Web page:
So for this trade, I want to buy call spreads in TGT and buy put spreads in WMT. I’m going to use a 1-month time horizon because that’s the kind of trade I think this is. So what strikes do I pick? When you’re buying a call spread, you want to own a strike that is far enough away to give you leverage but close enough that you will get well through it by expiry. You want to sell a strike that you think will not be breached.
So with TGT, you can buy the old equilibrium high (164) and sell the top of the gap (179). If you want to tighten up the top strike, you can use the low on that last day before earnings, which is 176. If you stare closely at the TGT chart, you can see that last day before earnings was a little island encompassing 176/179.
With WMT, you’re doing a put spread. The equilibrium range before earnings was 138/144 (this is easy to see on the WMT chart above). The stock is 148.50 right now so you buy the 144 put (assuming we head back into the old equilibrium range) and sell the 138 put (the bottom of the gap).
The strikes are on the $5 increments, so I see this as the complete trade structure:
If this were a simpler trade and, say, I was just buying WMT puts, the thought process would be similar. You target a closure of the gap when selecting your strikes. This trade pays $5 on a total cost of $2.51 if either stock fills the main $5 of the gap. If both stocks keep running, we lose the whole premium on both structures. If TGT is just suffering from bad management and idiosyncratic weakness, that may well happen.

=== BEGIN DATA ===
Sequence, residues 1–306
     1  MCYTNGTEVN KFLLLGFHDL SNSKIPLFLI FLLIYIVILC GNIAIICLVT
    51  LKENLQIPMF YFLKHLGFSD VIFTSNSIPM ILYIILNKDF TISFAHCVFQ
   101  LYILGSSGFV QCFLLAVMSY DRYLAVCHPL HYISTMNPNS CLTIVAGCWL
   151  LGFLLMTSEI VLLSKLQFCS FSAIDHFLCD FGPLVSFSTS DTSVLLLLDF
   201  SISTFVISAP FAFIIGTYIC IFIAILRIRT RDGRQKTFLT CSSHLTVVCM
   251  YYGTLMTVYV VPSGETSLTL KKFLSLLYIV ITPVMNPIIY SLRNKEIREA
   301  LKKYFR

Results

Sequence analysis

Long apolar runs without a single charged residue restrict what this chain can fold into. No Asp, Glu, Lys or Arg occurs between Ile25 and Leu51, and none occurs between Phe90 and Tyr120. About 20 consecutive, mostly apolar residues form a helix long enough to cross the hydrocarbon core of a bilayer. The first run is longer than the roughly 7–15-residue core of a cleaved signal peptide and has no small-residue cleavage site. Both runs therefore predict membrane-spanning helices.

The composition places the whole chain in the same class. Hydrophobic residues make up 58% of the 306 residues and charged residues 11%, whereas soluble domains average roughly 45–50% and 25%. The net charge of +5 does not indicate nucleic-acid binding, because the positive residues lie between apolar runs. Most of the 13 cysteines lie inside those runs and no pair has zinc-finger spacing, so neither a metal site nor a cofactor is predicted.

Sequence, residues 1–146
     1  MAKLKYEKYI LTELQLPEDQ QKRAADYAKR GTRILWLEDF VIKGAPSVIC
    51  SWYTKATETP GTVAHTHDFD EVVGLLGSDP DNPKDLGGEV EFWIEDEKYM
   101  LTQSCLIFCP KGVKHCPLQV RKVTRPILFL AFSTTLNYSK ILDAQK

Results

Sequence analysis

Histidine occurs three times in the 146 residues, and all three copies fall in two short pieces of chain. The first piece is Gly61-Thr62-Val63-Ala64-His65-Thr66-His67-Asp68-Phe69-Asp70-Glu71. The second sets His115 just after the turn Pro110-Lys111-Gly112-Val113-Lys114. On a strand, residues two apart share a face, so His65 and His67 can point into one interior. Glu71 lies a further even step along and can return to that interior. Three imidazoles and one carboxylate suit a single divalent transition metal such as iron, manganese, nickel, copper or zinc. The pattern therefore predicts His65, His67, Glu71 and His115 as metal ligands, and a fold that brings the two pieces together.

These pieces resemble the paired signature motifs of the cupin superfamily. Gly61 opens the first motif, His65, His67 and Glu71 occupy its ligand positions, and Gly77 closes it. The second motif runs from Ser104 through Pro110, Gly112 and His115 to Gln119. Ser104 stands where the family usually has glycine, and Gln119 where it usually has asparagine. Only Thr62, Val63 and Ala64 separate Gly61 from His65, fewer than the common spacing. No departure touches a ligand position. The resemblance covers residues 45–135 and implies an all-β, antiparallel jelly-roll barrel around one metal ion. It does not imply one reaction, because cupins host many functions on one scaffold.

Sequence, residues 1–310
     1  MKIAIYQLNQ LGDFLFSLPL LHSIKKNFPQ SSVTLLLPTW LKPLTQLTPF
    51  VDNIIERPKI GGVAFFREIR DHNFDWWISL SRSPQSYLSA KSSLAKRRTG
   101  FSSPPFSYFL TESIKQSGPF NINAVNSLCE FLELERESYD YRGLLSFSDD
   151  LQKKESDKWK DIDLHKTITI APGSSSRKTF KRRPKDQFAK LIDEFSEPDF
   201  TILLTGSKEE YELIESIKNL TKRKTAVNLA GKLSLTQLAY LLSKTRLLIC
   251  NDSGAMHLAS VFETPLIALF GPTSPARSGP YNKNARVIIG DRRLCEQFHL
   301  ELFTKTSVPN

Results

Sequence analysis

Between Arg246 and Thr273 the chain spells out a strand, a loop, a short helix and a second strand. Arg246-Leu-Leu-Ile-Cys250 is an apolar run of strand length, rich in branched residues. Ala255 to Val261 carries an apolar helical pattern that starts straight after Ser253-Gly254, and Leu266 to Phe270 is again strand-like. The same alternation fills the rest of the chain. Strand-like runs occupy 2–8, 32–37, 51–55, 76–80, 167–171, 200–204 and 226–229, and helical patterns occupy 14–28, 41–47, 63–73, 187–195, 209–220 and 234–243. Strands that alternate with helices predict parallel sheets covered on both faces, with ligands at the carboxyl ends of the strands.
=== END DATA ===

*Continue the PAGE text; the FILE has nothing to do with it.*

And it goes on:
And of course, there are a ton of outcomes in between. The dream scenario is that TGT rips, WMT dumps, and you make $10 minus the premium spend. Doubtful!
A nice thing about a trade like this is that you don’t care what the broader market does. You have no beta to SPX here, really. Or tiny beta as TGT vol is higher than WMT, but whatever. Another nice thing is that you are buying options after earnings, so the options are much cheaper than before (5 vols or so). You are also buying close-to-the-money options so again, vol is not pricey.
For the purposes of tracking, we spend $2,510 on this idea, doing 10 contracts of each spread. Hold to expiry.
Gaps are useful as they show you where price went out of equilibrium and then found its new happy place. As price travels back towards the gap (the rejected equilibrium), you will very often see it stall. There are a variety of ways to trade gaps. You can use them as support and resistance, you can go with them, you can fade them, and you can use them as targets and strikes when you structure trades using derivatives.
Use gaps to your advantage as they offer tight risk management parameters and reasonable estimates of where price may stall in the future.
That’s it! Thank you for reading. Don’t forget to buy the 2023 Trader Handbook and Almanac.
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Trade at your own risk. Be smart. Have fun. Call your mom.
DISCLAIMER: Nothing in “50 Trades in 50 Weeks” is investment advice. Do your own research and consult your personal financial advisor. I’m putting out free thoughts for people who want to learn. This is an educational Substack. Trade your own view!